Transforming School Library Practice: A School Librarian's Information Shelf: School Library Makerspaces
Makerspaces come in many varieties, with a range of equipment from low- to high-tech sophistication. The most important driver for creating a makerspace is being clear about the “why.” School librarians often include plans for a makerspace in physical space makeovers as key to transforming the library into the place where students go for self-directed exploration through hands-on making and learning. Student engagement and empowerment is at the heart of devoting time and space to making and STEM activities.
Learn how to get the most out of the School Librarian's Information Shelf in this recent webinar
23 May 2023
Join this webinar for an introduction to the School Librarian’s Information Shelf and to learn more from practitioners who have applied transformative practices to their school libraries.
- Time: 3:00 PM – 4:00 PM Eastern Daylight Time, North America [UTC -4]
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“It was obvious that the kids liked doing projects with hands-on materials. They needed meaningful projects and materials. They knew nothing about the engineering design process. Their library did not have a makerspace, but they needed one. When the librarian gave them materials to create, the students ‘went to town!’”
TSLP grantee Meg Jones
Librarian, Hillsboro-Deering Elementary School, NH
What information is important to know before setting up a makerspace in a school library? Consider in advance which materials to purchase to maintain a balance between high- and low-tech items, especially if a library is on a low budget. To help plan this decision-making process, Heather Moorefield-Lang offers extensive examples of different types of making (sustainable, service-related, accessible), materials (analog and digital), and creative projects that use everything from cardboard to stop-motion green screens. She emphasizes taking the time at the beginning to think about the goals for the space and planning accordingly.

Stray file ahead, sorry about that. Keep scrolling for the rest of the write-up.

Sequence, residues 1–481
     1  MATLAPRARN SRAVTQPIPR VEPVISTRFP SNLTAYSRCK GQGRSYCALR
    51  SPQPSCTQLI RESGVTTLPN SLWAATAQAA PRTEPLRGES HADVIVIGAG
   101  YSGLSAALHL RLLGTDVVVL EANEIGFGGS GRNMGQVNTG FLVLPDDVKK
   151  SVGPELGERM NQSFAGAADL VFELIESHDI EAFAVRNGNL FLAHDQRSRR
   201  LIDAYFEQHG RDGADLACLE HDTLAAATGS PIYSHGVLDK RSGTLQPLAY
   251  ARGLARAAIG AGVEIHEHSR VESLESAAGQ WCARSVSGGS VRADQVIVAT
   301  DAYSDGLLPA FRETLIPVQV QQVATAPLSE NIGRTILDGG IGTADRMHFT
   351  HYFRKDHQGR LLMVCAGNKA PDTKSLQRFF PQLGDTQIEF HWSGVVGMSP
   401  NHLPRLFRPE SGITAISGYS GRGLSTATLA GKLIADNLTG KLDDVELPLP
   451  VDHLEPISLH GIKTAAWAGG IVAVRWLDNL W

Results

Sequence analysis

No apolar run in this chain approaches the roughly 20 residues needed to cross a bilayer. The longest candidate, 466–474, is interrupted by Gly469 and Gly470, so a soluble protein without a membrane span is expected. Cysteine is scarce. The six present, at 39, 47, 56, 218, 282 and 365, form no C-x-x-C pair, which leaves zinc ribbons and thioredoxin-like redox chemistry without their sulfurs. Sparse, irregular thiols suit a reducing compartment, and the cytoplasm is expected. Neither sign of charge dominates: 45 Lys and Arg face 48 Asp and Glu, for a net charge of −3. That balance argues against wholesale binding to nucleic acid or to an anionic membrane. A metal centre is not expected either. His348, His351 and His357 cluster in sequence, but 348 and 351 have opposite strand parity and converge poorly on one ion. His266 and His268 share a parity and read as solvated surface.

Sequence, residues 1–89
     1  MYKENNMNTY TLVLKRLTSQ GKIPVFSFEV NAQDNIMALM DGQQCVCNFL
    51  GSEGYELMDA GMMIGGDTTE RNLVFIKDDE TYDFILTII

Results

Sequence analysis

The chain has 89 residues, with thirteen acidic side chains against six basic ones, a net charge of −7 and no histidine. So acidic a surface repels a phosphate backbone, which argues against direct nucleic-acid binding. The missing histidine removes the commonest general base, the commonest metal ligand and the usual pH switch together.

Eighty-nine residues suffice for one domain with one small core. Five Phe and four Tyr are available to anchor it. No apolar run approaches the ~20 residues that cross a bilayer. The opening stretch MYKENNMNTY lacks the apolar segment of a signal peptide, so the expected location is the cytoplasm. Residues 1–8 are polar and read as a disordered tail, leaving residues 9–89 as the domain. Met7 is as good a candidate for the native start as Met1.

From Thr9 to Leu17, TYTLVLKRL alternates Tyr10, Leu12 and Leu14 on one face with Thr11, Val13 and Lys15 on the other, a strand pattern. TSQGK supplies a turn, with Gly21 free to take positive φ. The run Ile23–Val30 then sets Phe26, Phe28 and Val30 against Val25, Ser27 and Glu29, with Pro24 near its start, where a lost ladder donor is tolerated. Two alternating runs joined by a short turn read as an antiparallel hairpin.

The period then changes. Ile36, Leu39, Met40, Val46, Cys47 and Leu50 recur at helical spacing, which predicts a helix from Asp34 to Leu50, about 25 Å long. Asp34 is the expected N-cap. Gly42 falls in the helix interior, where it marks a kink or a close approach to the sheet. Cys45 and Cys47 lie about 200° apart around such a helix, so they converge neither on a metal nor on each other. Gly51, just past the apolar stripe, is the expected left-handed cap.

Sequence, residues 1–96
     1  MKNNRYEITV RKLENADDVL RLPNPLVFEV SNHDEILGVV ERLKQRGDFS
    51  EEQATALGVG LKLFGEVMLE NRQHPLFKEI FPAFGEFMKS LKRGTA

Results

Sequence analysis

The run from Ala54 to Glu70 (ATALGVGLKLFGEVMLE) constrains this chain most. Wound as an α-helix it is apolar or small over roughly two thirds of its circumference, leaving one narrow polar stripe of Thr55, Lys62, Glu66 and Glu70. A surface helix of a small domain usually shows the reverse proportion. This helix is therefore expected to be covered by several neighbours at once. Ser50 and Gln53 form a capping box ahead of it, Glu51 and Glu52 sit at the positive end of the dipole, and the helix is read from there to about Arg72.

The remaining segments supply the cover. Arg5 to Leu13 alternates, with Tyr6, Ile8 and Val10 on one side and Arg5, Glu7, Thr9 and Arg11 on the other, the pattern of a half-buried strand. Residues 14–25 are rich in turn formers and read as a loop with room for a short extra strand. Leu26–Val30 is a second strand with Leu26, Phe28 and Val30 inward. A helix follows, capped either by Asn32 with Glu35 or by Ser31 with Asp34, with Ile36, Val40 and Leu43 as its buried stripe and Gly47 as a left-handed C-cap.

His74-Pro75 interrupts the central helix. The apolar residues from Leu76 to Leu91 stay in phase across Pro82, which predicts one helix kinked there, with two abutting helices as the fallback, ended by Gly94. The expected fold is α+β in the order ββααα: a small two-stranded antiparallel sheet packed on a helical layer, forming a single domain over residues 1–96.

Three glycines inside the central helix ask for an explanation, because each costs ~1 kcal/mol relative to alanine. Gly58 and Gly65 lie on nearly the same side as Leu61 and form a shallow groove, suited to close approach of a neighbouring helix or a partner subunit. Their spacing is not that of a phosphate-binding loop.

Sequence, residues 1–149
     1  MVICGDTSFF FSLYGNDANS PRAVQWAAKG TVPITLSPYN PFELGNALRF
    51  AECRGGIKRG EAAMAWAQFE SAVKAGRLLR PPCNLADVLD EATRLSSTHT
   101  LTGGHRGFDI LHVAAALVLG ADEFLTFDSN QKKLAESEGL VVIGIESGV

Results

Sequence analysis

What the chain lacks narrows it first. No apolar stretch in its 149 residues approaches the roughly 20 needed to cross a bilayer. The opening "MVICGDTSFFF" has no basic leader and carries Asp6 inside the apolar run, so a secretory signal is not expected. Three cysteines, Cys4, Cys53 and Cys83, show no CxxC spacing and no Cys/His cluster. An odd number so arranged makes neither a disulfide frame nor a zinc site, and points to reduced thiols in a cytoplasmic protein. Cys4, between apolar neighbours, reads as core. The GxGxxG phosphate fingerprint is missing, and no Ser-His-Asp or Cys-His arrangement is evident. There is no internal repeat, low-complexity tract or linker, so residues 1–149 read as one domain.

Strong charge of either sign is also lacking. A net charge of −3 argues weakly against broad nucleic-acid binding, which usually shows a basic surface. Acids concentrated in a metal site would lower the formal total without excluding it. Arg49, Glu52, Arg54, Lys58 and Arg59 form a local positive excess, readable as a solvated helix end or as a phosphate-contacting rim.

Compassionate Making – Gina Seymour (33:07)
Gina Seymour presents a compassionate approach to making and makerspaces that focuses on community, inclusivity, creativity, and perseverance, among other soft skills. Making use of both low- and high-budget materials, Seymour has developed several service projects with her students, creating craft items such as DIY stress balls, fidget mats, comfort pillows, and more, each of which benefits a particular population in need. Seymour talks about various aspects of compassion as well, including grief work, social emotional well-being, environmental care, and more.
Makerspace and Digital Media Lab Resources
Drawn from the Toolkit for Creating Smart Spaces from WebJunction, this index offers a variety of resources related to planning makerspaces, the tools that can be used in makerspaces, and examples of Digital Media Labs, which use the HOMAGO (Hanging Out, Messing Around, and Geeking Out) framework to develop interest-driven, student-centered learning that is focused on production.